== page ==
Lebanon prime minister and government step down after Beirut explosion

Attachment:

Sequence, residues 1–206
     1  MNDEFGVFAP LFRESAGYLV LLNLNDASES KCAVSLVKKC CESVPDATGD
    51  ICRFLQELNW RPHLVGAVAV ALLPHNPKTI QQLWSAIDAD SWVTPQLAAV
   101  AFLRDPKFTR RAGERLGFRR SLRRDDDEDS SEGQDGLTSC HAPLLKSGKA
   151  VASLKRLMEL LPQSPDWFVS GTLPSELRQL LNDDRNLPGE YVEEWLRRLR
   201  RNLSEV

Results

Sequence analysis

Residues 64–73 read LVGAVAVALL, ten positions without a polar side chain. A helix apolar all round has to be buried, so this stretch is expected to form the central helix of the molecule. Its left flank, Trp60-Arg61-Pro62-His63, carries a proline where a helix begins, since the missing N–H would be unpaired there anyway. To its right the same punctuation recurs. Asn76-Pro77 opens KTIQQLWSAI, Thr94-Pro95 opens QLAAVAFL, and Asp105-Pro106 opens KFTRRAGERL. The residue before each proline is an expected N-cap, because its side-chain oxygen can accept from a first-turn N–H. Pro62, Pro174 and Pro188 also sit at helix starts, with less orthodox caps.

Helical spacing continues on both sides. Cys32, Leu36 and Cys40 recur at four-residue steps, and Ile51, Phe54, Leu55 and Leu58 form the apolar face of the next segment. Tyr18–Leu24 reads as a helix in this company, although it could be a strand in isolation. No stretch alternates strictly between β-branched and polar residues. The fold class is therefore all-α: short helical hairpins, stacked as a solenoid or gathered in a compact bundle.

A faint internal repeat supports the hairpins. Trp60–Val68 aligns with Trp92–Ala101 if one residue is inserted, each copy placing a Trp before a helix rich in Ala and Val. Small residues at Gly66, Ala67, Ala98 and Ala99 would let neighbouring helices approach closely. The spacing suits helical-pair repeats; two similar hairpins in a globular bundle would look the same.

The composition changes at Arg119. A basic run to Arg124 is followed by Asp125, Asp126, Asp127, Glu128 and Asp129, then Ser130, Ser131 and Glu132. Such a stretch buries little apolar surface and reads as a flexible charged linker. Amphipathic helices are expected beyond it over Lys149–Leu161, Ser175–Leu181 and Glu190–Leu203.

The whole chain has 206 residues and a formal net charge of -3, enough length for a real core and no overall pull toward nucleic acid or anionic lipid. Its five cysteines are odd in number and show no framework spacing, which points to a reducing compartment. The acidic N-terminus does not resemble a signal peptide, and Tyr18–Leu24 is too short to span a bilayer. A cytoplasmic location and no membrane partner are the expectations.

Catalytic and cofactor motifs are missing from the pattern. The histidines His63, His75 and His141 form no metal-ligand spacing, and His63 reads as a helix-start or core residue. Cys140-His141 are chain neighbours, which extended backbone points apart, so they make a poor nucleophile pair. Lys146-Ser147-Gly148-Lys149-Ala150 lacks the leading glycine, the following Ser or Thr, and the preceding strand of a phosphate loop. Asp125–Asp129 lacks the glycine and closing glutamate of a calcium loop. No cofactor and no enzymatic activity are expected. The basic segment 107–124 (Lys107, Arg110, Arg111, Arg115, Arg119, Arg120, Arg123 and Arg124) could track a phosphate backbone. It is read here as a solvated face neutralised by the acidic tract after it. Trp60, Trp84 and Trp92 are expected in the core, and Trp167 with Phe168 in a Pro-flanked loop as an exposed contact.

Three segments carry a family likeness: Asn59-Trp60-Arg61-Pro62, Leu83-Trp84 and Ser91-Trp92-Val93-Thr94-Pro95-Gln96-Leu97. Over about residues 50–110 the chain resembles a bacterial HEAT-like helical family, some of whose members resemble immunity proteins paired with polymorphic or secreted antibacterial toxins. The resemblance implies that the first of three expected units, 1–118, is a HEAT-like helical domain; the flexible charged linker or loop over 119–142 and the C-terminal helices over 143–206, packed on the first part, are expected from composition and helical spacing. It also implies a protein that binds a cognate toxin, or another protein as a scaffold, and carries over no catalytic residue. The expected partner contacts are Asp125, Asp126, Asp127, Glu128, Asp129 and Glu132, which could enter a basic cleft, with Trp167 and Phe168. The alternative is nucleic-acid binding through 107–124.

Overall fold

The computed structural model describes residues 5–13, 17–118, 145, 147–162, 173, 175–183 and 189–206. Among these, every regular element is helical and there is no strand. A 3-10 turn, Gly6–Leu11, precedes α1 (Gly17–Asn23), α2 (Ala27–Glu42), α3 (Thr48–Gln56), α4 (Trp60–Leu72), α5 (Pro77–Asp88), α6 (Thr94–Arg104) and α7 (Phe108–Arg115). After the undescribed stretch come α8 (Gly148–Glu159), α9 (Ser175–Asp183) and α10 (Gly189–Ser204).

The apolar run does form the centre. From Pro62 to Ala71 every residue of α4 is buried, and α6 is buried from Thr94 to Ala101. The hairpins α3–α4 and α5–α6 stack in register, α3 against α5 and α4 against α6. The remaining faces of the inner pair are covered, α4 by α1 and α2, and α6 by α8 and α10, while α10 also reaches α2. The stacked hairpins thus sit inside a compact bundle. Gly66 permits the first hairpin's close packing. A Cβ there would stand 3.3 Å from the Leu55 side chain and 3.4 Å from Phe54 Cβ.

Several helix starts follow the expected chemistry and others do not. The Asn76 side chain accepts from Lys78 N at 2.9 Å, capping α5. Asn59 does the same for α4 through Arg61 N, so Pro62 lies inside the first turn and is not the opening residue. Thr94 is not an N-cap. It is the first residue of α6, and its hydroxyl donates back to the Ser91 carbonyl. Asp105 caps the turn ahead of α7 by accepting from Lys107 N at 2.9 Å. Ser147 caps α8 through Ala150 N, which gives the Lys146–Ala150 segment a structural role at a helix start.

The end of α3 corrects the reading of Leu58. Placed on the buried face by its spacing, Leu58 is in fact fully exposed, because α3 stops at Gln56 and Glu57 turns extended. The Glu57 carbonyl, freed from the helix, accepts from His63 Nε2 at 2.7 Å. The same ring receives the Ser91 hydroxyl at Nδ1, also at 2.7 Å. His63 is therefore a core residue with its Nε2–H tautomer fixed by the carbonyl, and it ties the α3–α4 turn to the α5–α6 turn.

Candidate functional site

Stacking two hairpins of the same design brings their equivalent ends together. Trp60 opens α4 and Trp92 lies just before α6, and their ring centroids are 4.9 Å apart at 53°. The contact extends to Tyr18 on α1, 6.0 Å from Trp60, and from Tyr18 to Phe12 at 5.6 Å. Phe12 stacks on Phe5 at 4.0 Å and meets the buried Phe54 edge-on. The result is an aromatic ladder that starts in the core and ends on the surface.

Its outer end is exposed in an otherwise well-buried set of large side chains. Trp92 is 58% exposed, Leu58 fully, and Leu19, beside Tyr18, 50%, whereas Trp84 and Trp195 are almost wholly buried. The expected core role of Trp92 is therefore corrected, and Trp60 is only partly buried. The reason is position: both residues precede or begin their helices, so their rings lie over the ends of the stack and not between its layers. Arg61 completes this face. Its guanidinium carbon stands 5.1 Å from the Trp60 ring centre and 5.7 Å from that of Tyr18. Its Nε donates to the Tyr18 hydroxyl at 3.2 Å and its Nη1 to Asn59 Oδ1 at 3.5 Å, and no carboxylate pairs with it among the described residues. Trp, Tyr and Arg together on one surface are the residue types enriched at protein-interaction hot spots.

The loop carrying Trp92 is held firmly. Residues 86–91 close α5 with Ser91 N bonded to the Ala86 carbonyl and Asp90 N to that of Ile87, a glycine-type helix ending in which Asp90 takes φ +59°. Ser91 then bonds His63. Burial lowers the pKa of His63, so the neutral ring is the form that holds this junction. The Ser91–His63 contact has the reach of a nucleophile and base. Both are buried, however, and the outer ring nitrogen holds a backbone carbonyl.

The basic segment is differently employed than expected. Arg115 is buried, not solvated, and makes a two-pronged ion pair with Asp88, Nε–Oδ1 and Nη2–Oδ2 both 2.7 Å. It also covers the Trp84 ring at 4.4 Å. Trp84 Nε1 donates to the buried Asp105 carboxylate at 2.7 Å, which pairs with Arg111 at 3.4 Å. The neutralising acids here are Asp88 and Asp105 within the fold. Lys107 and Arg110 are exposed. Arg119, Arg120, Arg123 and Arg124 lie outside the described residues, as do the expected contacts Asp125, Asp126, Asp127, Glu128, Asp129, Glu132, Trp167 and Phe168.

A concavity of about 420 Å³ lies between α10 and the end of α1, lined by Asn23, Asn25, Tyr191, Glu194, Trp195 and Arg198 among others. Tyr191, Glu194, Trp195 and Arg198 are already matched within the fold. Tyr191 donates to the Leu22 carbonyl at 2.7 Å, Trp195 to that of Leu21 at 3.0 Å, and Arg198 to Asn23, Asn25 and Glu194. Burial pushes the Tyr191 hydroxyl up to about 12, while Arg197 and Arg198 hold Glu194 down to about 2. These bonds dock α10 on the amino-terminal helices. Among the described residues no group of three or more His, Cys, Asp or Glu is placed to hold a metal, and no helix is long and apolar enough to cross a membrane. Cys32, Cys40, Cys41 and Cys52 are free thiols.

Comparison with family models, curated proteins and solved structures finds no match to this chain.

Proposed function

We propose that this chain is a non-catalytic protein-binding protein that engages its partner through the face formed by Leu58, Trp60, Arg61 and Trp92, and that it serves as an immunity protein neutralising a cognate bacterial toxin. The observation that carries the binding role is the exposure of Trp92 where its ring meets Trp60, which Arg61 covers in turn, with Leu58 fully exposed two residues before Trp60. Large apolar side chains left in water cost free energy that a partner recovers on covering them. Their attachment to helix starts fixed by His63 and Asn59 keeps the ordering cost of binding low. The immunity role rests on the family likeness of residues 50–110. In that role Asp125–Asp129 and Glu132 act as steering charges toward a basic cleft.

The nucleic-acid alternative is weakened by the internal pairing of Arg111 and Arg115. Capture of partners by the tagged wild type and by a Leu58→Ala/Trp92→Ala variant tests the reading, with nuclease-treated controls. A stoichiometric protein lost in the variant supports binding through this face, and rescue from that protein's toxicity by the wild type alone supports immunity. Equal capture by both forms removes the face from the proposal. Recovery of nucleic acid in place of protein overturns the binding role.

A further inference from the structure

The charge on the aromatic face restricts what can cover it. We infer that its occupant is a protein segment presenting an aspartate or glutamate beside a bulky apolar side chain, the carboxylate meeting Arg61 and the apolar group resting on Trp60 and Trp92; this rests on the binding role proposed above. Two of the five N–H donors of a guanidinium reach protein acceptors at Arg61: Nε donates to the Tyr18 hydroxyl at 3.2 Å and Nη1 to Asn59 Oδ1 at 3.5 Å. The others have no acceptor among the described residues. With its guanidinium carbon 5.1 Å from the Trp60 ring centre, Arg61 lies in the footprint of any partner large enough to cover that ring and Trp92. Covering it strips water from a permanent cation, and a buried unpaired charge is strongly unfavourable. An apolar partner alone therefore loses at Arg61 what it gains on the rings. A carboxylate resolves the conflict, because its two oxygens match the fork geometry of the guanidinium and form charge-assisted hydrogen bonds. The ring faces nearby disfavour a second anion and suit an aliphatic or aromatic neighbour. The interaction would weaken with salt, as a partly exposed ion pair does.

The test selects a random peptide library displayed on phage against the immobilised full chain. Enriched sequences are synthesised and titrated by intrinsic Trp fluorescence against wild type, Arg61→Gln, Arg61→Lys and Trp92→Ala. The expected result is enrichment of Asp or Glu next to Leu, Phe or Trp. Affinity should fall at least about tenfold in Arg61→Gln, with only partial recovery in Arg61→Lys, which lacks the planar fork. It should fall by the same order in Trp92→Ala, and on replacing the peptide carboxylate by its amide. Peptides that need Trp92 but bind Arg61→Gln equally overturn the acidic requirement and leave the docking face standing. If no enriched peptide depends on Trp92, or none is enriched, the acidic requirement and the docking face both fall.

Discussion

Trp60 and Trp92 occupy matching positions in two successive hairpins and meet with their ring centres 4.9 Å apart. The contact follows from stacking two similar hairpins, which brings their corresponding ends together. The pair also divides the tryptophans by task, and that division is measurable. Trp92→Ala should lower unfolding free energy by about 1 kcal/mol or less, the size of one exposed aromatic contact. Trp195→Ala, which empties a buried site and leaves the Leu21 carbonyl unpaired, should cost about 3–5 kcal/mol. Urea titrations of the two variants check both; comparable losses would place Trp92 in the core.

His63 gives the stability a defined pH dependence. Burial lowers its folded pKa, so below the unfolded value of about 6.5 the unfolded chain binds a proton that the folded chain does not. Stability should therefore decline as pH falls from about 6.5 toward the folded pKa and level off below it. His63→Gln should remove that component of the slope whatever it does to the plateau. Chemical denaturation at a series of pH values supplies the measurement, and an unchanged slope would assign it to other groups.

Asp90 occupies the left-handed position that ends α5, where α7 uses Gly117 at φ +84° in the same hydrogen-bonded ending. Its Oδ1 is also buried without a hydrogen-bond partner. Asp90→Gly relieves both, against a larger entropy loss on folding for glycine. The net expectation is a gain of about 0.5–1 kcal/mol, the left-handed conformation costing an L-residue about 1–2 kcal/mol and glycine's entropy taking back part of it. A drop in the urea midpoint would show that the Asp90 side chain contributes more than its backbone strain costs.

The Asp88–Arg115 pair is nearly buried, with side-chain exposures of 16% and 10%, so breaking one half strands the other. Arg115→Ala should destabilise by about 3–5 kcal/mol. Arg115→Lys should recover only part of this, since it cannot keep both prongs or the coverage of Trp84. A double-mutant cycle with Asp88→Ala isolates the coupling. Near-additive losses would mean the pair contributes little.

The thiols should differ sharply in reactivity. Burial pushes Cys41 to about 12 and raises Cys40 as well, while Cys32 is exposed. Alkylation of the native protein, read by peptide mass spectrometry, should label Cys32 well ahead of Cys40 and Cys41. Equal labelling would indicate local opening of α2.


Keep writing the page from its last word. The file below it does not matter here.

Lebanon marked a moment of silence today. One week after that massive explosion in Beirut. The blast killed more than 160 people and injured thousands more. It's also broke down brought down the current government. Rommie Corey is a senior fellow and professor of journalism at the American University in Beirut. And Rami, a prime minister and the entire Cabinet resigning seems significant. But what do you think this will lead to real reform in Lebanon? The kind of change that protesters are asking for. The resignation of the Cabinet is significant only in the sense that it was forced by the demonstrations. The intensity of the demonstrations. It's not significant in the modern history of Lebanon because the ruling elite who had their sectarian parties and have run the country like oligarchy click for the last 25 years. They just get together and pick out new Cabinet ministers and new prime minister and they reappoint the Cabinet and the same policies tend to continue. That's been the pattern so far. This is what the protesters want to break. They want to break this pattern. And put in a proper effective, clean, efficient and accountable government that works according to the rule of law and can address the many problems off a country that isn't collapse. So it's significant on one level, but at another level of modern will depend on what happens next. That system that you're talking about that power sharing structure that click as you called it. Has been blamed for the country's past political instability in division. So what happens now? Will there be new elections and well those elections be enough. You're going to get a lot of jockeying for position and jockeying for power and a lot of nonsense being spoken by a lot of people. The bottom line is there's only two really powers in the country and now one is the mass of citizens who are protesting and who demand real change. So the protesters in one hand and then the political power Really the sectarian leaders, mainly Hezbollah, on the other hand, will negotiate. The protesters want significant really change? This is what really we have to keep our eye on. Will the government that's formed? Whoever it is? Will it have the really authority to address the rial crisis issues and we will find that out? I think in the coming month or two, you know, Lebanon has a long history of political unrest that the dates back Decades, and you mentioned the people there. They've been living it. They know it. But I want to ask you about some touch points that may have led to this point. I mean, many people know that thousands of people died and A brutal civil war in Lebanon between 75 in 1990. I mean, did the agreement that ended that war set the stage in a way for what's happening today? The ending of the war was simply the latest turning point that adjusted. The balance of power in the parliament made it 50% question 50% Muslim, But these are just minor points really. Compared to the bigger points, which is that the people who have actually been in the seats of power have been terrible rulers on they've essentially become super rich. Without addressing the needs ofthe the people as the people have become super port, but the the root cause it's both domestic politics. Regional politics, which is mostly Israel and Iran and Syria and Saudi Arabia and other people who Interfere and Lebanon and global politics back in the Cold War.